The NCSL Blog


By Mark Wolf    

The discussion was healthy and robust, even as the topic was how to deal with those who are not.

New Hampshire Representatives Neal Kurk and Cindy Rosenwald chat during a break in the roundtable discussion.NCSL’s Task Force on Innovations in State Health Systems gathered during the NCSL Capitol Forum for a roundtable discussion to exchange ideas and solicit feedback on health issues in their state.

Mississippi passed a pilot program to deal with unwanted pregnancy and required all public universities and community colleges to develop a plan of acion, reported Lonnie Edgar of the state’s joint PEER committee. In 2012, Mississippi recorded 5,644 teenage pregnancies, 3,913 of them among 18 and 19 year olds.

Senator Pat Miller of Indiana (R) said her state was dealing with people who have mental illness and drug addiction, many of them in jail or prison. A new law requires that they be enrolled in Medicaid before they are released from custody so they can continue their treatment.

Indiana has also approved a needle exchange program for several counties to deal with the spread of HIV and hepatitis. “It’s not a philosophical position we wanted to take but it’s one we needed to,” said Miller.

Representative April Weaver (R-Ala.)is sponsoring legislation to give “Good Samaritan” status to volunteers who want to help those caring for family members with chronic illnesses. “It came from church volunteers who want to help families but can’t because of liability,” said Weaver. “If you care for people in the home, the cost is much lower. It always passes the House but in the Senate the trial lawyers kill it.”

Florida, which is dealing with a shortfall of doctors, surveyed the state to discover which areas of practice are going to be needed, then created a program to pay each of the state’s teaching hospitals $100,000 for every residency they create in those areas. The initial idea was to create more medical schools but, said Representative Matt Hudson (R), co-chair of the task force, “if you don’t have residencies, it doesn’t matter and you wind up exporting all your well-trained individuals out of state.”

Hawaii lawmakers have been debating for a decade whether to allow psychologists to prescribe drugs. “Psychiatrists are up in arms,” said Representative Della Au Belam (D).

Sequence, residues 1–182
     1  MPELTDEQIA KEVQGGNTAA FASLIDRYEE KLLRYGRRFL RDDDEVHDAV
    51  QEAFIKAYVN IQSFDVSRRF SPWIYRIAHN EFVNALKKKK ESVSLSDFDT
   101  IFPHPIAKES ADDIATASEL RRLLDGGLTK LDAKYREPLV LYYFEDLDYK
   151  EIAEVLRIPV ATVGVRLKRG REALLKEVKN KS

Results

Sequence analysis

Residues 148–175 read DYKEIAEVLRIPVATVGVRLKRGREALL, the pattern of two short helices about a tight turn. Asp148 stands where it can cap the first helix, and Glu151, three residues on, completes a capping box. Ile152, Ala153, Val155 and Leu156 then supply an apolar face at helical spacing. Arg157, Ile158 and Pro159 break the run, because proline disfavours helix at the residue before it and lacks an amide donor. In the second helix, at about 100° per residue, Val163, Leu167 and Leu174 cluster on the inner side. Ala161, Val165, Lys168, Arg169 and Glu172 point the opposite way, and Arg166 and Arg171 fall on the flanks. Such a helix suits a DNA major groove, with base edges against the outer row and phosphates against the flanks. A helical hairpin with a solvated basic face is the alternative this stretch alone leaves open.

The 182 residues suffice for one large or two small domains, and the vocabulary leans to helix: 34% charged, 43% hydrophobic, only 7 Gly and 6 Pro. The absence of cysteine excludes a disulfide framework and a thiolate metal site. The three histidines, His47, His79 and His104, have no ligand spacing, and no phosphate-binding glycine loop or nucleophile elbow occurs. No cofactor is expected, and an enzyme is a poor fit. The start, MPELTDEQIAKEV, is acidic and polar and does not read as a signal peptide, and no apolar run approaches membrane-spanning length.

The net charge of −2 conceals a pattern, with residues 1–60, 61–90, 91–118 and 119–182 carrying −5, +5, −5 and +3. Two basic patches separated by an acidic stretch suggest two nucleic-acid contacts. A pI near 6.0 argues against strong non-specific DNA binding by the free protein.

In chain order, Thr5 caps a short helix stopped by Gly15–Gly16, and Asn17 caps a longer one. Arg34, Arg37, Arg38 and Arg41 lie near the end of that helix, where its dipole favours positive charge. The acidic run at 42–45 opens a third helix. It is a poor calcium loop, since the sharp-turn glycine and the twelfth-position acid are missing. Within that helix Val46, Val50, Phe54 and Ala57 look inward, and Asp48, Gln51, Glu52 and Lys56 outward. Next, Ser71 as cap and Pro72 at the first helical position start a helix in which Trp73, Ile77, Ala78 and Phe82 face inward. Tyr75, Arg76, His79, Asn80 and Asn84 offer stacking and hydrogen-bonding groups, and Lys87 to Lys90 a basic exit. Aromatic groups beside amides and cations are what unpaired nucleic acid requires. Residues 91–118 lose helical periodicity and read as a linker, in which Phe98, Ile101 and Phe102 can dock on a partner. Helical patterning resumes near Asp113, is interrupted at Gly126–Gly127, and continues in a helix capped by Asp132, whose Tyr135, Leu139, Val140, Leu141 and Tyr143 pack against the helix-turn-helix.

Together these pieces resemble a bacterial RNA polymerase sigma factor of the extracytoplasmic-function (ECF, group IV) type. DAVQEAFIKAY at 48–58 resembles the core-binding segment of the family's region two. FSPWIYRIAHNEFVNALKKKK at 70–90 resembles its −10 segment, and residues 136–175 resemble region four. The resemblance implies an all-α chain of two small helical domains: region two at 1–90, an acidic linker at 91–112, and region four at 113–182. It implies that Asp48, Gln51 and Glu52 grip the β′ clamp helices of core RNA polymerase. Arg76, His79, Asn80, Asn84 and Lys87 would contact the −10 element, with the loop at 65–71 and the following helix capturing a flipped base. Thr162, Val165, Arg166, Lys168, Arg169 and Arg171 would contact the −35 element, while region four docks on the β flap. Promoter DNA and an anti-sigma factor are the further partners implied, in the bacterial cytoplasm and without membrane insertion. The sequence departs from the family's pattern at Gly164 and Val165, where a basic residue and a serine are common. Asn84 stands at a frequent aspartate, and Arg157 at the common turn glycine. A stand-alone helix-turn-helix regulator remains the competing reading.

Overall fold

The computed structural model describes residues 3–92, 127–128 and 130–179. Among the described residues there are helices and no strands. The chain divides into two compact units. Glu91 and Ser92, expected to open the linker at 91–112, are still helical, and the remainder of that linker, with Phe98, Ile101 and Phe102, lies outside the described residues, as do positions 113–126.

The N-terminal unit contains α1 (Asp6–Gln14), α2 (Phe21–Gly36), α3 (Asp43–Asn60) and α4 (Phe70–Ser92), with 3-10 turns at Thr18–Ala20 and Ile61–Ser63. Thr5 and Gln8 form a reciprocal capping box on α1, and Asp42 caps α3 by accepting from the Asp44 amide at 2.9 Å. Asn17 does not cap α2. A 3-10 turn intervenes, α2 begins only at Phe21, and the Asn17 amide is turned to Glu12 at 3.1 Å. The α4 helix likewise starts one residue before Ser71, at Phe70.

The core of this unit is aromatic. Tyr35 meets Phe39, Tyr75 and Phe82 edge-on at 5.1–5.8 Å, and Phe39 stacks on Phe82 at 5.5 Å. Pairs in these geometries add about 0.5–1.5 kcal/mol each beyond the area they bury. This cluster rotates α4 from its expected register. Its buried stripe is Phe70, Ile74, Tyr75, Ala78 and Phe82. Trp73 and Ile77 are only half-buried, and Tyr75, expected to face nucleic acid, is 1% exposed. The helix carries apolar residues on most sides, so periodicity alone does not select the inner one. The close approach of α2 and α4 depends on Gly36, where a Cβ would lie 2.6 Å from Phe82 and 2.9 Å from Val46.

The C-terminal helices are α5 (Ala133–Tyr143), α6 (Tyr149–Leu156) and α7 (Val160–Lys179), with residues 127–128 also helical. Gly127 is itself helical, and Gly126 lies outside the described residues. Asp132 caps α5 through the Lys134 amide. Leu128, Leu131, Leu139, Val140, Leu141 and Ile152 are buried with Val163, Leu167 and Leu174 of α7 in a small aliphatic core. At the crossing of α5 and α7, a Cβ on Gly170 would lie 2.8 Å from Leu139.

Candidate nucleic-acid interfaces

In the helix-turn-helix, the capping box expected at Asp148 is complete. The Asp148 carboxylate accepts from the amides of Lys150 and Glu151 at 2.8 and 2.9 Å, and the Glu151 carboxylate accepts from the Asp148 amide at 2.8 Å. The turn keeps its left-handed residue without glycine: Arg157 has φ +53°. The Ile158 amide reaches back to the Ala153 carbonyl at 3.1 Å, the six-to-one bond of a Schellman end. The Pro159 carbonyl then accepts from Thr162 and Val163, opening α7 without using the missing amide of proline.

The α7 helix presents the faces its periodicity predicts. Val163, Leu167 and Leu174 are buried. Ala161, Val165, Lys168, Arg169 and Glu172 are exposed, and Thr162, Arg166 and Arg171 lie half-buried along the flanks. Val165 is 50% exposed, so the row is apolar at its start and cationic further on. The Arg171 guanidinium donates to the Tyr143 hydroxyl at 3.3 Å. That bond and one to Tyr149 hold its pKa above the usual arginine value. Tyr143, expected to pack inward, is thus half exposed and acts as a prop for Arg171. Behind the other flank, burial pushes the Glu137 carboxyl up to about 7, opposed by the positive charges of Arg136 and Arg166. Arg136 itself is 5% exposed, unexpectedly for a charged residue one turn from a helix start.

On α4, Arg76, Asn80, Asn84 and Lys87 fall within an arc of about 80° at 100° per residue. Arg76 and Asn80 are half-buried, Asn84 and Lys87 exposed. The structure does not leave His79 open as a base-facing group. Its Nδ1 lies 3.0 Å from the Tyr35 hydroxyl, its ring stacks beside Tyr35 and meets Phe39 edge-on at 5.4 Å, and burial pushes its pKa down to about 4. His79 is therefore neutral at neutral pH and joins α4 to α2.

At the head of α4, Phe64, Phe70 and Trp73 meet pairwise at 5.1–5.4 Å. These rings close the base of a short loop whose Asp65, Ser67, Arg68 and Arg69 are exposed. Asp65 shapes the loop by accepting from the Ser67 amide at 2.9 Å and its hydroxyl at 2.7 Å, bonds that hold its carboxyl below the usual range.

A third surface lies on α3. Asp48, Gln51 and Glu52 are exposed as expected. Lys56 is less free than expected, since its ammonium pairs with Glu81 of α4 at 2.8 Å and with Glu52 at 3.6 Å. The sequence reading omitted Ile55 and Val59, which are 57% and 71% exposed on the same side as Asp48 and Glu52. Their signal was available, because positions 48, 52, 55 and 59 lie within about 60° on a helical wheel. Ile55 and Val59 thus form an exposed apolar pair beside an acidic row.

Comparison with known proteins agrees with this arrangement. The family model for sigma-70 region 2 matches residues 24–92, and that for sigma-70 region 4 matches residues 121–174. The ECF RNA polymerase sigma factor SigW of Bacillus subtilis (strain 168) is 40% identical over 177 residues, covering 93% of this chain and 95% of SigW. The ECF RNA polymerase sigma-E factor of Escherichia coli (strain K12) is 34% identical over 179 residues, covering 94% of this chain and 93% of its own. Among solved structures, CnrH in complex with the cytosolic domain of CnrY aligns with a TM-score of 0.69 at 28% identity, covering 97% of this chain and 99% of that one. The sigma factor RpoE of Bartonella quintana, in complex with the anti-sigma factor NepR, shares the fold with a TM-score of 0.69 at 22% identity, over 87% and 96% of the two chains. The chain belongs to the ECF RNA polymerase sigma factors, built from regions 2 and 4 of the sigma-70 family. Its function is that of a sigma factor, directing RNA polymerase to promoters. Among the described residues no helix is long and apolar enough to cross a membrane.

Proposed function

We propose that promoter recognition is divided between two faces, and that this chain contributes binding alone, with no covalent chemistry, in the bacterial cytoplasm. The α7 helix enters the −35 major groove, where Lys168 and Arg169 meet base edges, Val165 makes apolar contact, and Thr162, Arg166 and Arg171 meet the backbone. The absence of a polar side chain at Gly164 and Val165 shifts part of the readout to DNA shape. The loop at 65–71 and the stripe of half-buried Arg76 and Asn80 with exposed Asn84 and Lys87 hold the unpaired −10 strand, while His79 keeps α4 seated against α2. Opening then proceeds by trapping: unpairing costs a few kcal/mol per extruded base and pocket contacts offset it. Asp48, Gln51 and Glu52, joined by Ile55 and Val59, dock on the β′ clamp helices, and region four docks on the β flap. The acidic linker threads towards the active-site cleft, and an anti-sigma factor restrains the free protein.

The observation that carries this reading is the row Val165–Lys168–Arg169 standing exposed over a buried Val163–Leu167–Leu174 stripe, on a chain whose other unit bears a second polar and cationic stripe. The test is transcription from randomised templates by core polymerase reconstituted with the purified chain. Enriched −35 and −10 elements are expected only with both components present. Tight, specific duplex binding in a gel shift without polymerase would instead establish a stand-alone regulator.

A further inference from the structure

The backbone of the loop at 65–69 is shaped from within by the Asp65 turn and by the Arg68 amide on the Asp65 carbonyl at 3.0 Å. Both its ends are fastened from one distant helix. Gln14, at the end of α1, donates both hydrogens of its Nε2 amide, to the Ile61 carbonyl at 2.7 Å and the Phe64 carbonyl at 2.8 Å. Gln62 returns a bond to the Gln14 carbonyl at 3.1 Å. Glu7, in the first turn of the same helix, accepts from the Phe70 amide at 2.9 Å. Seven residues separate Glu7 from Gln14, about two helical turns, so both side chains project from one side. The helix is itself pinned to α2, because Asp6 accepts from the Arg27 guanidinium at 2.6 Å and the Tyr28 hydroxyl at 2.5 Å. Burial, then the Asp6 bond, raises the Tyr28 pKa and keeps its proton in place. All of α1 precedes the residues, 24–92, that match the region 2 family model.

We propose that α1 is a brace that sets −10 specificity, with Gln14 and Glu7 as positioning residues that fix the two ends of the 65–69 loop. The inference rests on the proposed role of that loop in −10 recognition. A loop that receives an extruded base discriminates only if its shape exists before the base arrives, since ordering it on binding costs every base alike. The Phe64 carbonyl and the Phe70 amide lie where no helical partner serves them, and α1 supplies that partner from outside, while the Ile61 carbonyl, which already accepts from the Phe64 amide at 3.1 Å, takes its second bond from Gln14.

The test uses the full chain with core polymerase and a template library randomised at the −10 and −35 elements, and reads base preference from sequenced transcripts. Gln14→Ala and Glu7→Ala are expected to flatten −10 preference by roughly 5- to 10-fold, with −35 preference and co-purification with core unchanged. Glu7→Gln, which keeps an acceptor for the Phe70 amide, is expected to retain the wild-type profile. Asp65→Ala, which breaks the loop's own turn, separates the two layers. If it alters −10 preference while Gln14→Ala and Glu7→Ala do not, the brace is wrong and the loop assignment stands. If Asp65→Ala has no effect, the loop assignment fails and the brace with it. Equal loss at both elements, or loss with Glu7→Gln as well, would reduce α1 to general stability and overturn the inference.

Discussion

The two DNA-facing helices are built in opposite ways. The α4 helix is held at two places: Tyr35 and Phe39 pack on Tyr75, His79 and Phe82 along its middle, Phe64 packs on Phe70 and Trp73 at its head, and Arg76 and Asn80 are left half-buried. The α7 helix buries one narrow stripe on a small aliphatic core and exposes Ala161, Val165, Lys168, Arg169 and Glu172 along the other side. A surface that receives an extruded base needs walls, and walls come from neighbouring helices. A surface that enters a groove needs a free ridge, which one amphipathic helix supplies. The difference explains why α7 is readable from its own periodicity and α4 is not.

Utah is considering a proposal to expand Medicaid dental coverage to adults who are blind or otherwise disabled by using two dental schools, said Mark Anderson of the state’s Office of Legislative Research and General Counsel.

Maryland is dealing with the demise of its Certificate of Need board, which approves large medical projects said Representative Neal Kurk (R-N.H.). “We’re trying to figure out a non-Certificate of Need approach which will recognize that health isn’t free market. It’s not like buying TV sets. If a free market in health existed, the total cost of health care would rise.”

Following the state presentations, the task force members chose several topics for additional focus (in no particular order): Mental health/substance abuse, end-of-life, telehealth, health system payment and delivery reform, cost-effectiveness measures and volunteer health services to improve access.

Mark Wolf is the editor of the NCSL blog.

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About the NCSL Blog

This blog offers updates on the National Conference of State Legislatures' research and training, the latest on federalism and the state legislative institution, and posts about state legislators and legislative staff. The blog is edited by NCSL staff and written primarily by NCSL's experts on public policy and the state legislative institution.